First Step Coffee House: "An Experiment in Communication"

Lisa Geiger
January 26, 2017

In late January of 1968, students in paint-splattered clothing moved secondhand furniture, fluorescent-colored posters, and even a shrunken head in a cage through the non-descript doors of 2312 N. Seminary Avenue. A hand-painted sign gave the only clue as to what lay within: The First Step. Opened on Feb. 8, 1968, the First Step was DePaul's first stand-alone coffee house, serving as a proto-student union and meeting place for students, faculty and activist groups.

The First Step entrance

The First Step entrance, shortly before 2312 N. Seminary Avenue was demolished to make way for Stuart Hall. (DePaul University/Special Collections and Archives) 

The First Step Coffee House opened after requests from student groups for an independent event space. With short cafeteria hours, the Lincoln Park Campus lacked a flexible space for students to meet outside of class time. One of the most vocal student groups requesting student activity space was Incol, an activist organization that released a 22-point platform in the "DePaulia" and the "Aletheia" in the first weeks of 1968 that included - among calls to restructure student government and the grading system - a request for a coffee house. When the school authorized the facility, it created a board of directors made up of representatives from Incol; the Council of Arts, Sciences, and Education; and the Student Activities Council, with a faculty moderator.

First Step was a multi-room space featuring a small coffee and food bar, a stereo and music selection, and, according to the Feb. 28, 1968 "Aletheia," "paintings, posters, photographs, slogans, signatures, collages and other things that defy description. It looks just like your room would look if ma and pa weren't so conventional." Students took smoke breaks, listened to music and played chess amid black lights, psychedelic posters and walls covered in swirling graffiti. The basement hosted guest speakers and live bands. Student activist groups dominated the coffee house event calendar. The Chicago Area Draft Resisters, the Quaker American Friends Service Group, and other anti-war organizations used First Step to hold presentations and kick off peace vigils. The coffee house also hosted non-political events, like a school Halloween party and after-hours class discussions.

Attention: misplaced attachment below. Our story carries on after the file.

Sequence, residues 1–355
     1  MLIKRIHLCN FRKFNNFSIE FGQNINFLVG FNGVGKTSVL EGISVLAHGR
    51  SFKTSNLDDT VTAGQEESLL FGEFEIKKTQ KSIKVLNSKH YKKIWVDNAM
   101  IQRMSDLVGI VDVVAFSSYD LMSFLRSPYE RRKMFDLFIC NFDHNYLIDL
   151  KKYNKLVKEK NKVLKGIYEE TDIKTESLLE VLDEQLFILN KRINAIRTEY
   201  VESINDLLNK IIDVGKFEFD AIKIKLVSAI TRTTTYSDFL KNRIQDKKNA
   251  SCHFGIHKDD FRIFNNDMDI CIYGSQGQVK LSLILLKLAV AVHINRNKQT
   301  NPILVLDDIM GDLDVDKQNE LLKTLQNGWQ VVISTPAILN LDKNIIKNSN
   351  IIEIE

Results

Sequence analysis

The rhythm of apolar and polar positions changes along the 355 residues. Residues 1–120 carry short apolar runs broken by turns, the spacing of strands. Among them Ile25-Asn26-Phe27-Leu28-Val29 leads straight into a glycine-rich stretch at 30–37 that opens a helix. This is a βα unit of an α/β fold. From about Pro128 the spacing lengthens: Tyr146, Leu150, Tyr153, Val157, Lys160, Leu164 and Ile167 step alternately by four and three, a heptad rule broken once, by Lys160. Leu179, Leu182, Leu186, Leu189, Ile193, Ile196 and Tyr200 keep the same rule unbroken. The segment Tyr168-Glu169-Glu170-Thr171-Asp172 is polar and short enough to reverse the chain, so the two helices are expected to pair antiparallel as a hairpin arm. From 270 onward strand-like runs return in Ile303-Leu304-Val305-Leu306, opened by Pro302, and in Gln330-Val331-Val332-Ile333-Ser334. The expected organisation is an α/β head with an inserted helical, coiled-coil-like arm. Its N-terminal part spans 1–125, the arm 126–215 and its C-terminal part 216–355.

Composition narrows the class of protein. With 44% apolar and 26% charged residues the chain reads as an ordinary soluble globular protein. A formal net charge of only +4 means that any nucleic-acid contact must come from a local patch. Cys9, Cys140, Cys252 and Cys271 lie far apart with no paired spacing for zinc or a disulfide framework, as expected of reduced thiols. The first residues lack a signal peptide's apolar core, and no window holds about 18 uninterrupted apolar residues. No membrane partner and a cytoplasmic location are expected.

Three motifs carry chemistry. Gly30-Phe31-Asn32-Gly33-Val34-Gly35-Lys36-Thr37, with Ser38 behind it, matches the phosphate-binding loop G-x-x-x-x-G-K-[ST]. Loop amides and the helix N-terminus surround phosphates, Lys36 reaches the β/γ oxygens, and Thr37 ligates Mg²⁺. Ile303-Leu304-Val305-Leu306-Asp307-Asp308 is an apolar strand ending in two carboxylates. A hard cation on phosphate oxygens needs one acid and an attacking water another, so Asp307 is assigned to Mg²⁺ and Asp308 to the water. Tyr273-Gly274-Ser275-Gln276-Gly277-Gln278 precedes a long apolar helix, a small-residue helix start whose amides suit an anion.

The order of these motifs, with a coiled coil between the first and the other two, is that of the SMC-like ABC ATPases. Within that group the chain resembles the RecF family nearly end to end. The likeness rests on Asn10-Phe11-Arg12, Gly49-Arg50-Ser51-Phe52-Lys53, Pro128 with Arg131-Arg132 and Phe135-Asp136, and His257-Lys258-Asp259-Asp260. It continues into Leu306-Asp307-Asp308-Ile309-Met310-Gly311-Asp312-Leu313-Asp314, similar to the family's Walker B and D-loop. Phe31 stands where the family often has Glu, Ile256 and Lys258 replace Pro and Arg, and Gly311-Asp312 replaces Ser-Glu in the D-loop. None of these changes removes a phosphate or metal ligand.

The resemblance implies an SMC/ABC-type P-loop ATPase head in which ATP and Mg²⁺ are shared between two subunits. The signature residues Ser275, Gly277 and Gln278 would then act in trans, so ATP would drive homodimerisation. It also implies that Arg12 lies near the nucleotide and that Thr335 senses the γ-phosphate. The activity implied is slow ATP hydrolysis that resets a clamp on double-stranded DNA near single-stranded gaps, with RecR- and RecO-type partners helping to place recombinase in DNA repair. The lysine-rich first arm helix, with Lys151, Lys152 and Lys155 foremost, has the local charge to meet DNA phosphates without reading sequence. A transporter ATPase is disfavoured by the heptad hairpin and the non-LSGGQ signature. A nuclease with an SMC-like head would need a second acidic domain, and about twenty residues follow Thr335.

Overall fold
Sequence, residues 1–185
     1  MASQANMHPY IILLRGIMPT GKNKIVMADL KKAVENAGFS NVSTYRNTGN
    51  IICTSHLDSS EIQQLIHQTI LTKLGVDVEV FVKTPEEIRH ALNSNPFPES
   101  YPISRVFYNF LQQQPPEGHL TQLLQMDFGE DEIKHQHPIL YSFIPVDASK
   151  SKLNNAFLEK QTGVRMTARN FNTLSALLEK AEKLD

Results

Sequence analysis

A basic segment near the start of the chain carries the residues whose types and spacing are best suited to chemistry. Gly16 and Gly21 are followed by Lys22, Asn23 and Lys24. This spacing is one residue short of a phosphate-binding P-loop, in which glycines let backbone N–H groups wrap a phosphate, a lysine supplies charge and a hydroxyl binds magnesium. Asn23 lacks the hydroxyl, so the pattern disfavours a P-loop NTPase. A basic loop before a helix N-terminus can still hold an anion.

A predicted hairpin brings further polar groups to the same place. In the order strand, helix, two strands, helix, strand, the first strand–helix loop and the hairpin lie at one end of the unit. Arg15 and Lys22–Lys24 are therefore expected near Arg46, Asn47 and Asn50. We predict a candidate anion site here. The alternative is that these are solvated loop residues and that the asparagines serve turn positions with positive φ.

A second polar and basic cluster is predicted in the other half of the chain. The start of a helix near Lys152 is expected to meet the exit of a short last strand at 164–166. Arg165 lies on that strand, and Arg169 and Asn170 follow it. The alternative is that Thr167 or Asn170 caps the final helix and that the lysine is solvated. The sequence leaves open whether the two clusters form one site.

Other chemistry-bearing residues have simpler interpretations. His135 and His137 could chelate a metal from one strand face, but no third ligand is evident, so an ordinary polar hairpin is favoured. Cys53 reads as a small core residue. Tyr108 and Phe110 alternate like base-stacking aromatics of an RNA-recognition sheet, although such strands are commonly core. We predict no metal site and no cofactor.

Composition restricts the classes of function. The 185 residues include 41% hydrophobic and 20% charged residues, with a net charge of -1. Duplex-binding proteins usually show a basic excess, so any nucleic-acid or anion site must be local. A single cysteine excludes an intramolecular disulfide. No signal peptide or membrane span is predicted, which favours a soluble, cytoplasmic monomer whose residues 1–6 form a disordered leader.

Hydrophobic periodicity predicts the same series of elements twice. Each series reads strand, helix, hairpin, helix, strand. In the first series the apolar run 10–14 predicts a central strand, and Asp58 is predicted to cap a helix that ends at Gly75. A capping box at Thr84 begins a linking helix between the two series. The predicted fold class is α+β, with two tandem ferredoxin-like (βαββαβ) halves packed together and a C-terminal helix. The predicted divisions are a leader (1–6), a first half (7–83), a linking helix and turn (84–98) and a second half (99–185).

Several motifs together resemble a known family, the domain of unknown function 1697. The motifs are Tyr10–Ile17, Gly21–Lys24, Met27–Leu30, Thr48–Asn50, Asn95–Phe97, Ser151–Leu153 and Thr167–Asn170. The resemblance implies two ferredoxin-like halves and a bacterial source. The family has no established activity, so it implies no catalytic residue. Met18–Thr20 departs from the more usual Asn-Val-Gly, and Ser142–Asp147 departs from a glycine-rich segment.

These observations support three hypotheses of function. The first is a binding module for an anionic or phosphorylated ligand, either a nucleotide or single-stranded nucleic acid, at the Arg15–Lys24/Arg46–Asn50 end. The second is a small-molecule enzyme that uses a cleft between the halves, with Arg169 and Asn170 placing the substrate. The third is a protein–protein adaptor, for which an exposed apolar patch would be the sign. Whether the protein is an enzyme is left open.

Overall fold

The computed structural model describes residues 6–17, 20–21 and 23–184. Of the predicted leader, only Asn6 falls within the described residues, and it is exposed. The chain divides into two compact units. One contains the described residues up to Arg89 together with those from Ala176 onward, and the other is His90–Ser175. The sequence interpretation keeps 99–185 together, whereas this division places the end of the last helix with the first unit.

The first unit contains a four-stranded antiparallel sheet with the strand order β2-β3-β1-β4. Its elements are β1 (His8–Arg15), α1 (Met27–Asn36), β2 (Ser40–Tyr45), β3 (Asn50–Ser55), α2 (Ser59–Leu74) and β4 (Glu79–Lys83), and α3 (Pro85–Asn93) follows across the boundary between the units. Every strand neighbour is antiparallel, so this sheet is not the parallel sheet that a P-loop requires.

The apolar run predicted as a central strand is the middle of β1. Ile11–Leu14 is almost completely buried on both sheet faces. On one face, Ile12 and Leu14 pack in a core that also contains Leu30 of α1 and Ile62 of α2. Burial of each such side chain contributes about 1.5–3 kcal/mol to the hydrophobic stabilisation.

The coffee house was a temporary measure to provide a common student space, placed in the path of the forthcoming Stuart Hall student center. When 2312 N. Seminary Avenue's demolition date approached in the fall of 1968, the university assigned the coffee house new space in the basement of a nearby ROTC building. While First Step organizers initially agreed to the move, the work of relocating the facility to a smaller space, as well as First Step's controversial reputation for leftist politics and liberal atmosphere for "recreational" activities, proved too difficult to overcome. The coffee house closed before December of 1968.

Construction of the Stuart Hall student center, completed in 1971, provided DePaulians in Lincoln Park with a larger space to meet and organize, and was the predecessor of today's Student Center, located just a block away from the site of the First Step. Despite its short tenure, First Step Coffee House fulfilled its goal of sparking communication among student groups, and pushed the university to create new facilities for student activities. As one of its founders wrote in 1968: "The First Step is the first step to awakening a great, if sleeping, urban university."